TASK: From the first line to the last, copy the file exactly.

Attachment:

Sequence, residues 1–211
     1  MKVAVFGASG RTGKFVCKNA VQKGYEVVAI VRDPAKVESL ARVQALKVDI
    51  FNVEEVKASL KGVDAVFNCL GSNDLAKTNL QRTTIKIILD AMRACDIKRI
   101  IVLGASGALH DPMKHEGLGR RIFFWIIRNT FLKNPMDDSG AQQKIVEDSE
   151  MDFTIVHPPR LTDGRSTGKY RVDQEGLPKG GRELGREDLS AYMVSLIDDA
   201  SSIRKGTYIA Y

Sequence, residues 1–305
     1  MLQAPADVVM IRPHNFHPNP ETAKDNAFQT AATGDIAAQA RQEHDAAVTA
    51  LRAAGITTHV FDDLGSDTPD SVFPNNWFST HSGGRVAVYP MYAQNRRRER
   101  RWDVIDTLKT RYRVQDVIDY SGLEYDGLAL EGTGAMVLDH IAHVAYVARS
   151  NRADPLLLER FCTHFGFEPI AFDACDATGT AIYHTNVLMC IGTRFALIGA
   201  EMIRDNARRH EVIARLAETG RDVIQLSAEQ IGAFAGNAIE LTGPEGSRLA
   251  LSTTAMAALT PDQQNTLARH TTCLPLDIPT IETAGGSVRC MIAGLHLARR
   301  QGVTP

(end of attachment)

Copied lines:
Sequence, residues 1–211
     1  MKVAVFGASG RTGKFVCKNA VQKGYEVVAI VRDPAKVESL ARVQALKVDI
    51  FNVEEVKASL KGVDAVFNCL GSNDLAKTNL QRTTIKIILD AMRACDIKRI
   101  IVLGASGALH DPMKHEGLGR RIFFWIIRNT FLKNPMDDSG AQQKIVEDSE
   151  MDFTIVHPPR LTDGRSTGKY RVDQEGLPKG GRELGREDLS AYMVSLIDDA
   201  SSIRKGTYIA Y

Sequence, residues 1–305
     1  MLQAPADVVM IRPHNFHPNP ETAKDNAFQT AATGDIAAQA RQEHDAAVTA
    51  LRAAGITTHV FDDLGSDTPD SVFPNNWFST HSGGRVAVYP MYAQNRRRER
   101  RWDVIDTLKT RYRVQDVIDY SGLEYDGLAL EGTGAMVLDH IAHVAYVARS
   151  NRADPLLLER FCTHFGFEPI AFDACDATGT AIYHTNVLMC IGTRFALIGA
   201  EMIRDNARRH EVIARLAETG RDVIQLSAEQ IGAFAGNAIE LTGPEGSRLA
   251  LSTTAMAALT PDQQNTLARH TTCLPLDIPT IETAGGSVRC MIAGLHLARR
   301  QGVTP